|The fall colors of gold sweep the Chablis Valley|
For the average consumer the idea of a negocient or wine cooperative just fogs over the moment the words are used.
And part of the haze is understandably for sub-par wines. There are exceptions around the world and perhaps one of the leading cooperatives is La Chablisienne, in business since 1923.
|Tucki pours Chablis for us to taste|
It all started back then during economic hardships. A group of winegrowers decided to partner as a way to sell their wines as a group wholesale to the wine trade. That model didn’t change much until the 1950s when the La Chablisienne leaders decided to make the wine themselves for a consistent style.
La Chablisienne was the final stop of a brief trip to Chablis. Herve’ Tucki is called an Ambassador and shared some of the organizations thoughts on winemaking and the history of the coop.
As with previous stops the discussion revolved around mineralilty and acid. And here comes a side note: One of the things that happens on these press trips is wine journalists have a certain story or angle they are pursuing. A couple of the journalists on this tour were interested in those two oft-discussed topics and it’s highly appropriate in a region like teChablis. Though, the horse did seem to be tiring by the last stop.
But each time I have the opportunity to hear winemakers in any region talk about their craft I gain knowledge if not different perspective.
“La Chablisienne loves minerality. We love acidity,” Tucki said. “We are not afraid to say that and we want to make wines that last a long time. The La Chablisienne approach to making Chablis is very classic.”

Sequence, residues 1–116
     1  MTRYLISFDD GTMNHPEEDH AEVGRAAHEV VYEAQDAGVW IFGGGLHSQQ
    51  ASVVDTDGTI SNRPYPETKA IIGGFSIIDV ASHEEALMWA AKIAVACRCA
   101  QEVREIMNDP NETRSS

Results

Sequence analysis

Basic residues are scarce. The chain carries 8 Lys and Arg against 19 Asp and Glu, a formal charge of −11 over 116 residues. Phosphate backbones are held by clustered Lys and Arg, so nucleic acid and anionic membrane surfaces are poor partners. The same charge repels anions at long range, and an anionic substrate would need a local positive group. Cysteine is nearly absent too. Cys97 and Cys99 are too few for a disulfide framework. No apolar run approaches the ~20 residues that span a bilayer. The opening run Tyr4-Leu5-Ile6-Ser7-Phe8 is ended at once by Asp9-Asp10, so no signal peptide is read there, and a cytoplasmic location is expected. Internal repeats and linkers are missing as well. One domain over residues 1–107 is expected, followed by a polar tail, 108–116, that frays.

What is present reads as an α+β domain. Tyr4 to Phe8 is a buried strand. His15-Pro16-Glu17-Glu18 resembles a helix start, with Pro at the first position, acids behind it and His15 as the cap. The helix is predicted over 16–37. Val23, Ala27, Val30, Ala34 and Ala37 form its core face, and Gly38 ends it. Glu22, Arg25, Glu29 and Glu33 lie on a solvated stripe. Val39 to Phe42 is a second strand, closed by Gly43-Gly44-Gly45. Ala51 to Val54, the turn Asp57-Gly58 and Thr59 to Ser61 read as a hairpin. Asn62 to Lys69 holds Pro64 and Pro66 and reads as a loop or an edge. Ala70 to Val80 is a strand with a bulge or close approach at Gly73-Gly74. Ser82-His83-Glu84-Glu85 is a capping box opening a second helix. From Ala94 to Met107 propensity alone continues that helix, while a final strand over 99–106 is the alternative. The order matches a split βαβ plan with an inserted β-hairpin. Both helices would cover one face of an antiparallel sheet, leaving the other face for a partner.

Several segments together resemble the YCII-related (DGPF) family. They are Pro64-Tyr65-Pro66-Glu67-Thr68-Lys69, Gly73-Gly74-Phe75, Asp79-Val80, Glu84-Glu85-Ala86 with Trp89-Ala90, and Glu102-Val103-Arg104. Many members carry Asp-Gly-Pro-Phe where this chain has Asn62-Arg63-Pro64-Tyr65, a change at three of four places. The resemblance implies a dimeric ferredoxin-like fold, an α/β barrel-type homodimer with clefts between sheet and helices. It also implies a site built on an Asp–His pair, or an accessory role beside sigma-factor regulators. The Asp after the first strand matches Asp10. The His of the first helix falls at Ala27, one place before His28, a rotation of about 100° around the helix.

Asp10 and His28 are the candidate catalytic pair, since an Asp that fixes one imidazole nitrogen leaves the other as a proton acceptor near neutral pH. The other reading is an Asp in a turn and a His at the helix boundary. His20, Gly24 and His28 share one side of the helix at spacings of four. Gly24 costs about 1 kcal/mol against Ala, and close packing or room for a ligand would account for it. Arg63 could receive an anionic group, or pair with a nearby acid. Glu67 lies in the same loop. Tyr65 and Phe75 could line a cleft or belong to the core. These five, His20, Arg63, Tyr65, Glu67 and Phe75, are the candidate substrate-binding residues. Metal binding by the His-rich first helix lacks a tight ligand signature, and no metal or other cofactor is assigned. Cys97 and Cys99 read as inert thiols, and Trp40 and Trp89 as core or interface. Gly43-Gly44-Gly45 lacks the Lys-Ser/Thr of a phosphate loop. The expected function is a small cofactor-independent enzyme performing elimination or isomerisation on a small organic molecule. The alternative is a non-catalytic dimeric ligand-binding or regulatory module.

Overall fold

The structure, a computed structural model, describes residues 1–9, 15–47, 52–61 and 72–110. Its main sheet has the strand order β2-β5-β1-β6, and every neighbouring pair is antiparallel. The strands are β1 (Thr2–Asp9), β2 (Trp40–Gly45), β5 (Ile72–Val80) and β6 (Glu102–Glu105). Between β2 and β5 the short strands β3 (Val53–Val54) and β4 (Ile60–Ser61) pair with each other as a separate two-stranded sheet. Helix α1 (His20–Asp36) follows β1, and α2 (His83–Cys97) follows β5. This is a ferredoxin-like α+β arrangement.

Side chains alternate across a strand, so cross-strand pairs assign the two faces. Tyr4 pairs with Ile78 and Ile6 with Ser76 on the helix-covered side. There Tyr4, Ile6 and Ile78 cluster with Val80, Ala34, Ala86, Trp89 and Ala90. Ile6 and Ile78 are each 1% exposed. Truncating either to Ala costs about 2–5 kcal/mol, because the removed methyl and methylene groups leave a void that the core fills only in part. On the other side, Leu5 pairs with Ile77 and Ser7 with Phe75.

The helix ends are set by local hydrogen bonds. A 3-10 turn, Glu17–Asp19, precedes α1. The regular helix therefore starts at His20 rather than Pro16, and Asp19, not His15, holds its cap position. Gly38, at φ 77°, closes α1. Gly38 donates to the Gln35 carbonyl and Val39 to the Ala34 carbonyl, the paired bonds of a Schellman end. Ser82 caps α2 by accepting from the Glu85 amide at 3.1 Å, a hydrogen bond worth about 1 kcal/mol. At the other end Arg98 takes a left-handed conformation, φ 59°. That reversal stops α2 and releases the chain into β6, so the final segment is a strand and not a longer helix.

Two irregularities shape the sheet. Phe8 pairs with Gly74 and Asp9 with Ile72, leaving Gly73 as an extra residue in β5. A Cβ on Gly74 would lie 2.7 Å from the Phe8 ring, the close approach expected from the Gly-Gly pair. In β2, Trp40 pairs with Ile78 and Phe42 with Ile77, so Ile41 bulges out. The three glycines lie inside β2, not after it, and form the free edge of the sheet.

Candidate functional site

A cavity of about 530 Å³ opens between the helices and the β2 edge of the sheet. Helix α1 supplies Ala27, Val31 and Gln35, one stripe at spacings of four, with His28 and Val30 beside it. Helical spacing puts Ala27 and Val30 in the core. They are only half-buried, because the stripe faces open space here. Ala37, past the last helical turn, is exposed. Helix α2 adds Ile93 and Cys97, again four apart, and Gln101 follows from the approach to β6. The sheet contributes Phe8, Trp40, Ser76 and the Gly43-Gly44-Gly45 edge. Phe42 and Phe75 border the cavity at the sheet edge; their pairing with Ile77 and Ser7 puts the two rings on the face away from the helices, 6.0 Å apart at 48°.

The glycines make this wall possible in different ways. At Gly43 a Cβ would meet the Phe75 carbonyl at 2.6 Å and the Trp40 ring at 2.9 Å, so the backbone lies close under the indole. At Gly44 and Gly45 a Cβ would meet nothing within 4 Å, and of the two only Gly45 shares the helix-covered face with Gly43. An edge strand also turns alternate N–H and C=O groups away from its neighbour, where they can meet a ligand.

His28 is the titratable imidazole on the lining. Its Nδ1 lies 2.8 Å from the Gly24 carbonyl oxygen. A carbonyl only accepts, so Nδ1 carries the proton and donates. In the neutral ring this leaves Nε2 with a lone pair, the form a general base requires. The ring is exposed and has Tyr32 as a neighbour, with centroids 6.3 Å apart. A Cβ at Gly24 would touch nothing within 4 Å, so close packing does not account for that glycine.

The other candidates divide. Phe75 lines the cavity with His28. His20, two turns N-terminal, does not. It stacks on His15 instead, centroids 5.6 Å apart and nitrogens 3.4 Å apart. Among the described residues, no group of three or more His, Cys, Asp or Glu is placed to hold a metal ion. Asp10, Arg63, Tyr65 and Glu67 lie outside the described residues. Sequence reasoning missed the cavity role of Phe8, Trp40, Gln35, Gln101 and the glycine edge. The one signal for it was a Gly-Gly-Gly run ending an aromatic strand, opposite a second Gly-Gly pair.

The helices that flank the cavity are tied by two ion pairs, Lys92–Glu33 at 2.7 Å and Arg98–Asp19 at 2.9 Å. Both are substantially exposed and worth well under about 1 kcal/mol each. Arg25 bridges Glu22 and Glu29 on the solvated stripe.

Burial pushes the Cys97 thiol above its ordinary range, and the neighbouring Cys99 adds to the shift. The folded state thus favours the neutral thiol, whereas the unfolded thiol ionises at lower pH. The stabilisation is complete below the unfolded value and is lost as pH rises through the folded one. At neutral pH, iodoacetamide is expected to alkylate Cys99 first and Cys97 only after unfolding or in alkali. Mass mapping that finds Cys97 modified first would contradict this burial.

Total production runs more than 150,000 cases a year. The discussion opened on oak even before the first pour. For the record, and there is no record on this topic, generally the Petit Chablis and Chablis see no oak and are produced using stainless steel. The Premier Cru and Grand Cru wines see varying percentages of oak barrel aging – and that’s usually older oak which leaves less impression on the wine.
|You understand ‘minerality’ if you look at vineyard floor|
“Sometimes I don’t understand my colleagues,” Tucki said. “Oak is one way to make wine. I know some very good producers who only oak and sometimes that’s becausee that producer doesn’t have a good way with the oak.”
Now, if that sounds confusing in type, that’s because it probably is. The written word has no intonation particularly from someone who speaks English only as a second language. I interpreted that to clearly mean that some producers just know the old way. The current generation or younger generation of Chablis winemakers have had the benefit of college wine-making educations which have radically changed winemaking in the world world regions.
But what came through at La Chablisienne, as it did at every other stop, is that there are many styles of Chablis. Every slightly different terrior in this beautiful valley, covered in vineyard up and down steep slopes has slightly different terroir.
La Chablisenne, for example, makes two Petit Chablis, five Chablis, thirteen Premier Cru and five Grand Cru wines. Keep in mind what wine educator Erik Szablowski said about terrior. There is only one Grand Cru appelation but it has 7 distinct regions – Bourgros, Blanchot, Les Clos, Les Preuses, and Vandesir.
French can make their terroir and wine regions confusing but when you are there, see the vineyards and taste the individual wines it all comes into focus.
These are elegant and sophisticated wines which just might be the best white wines in the world, You need to taste a Premier or Grand Cru and judge for yourself. It’s a test worthy taking!
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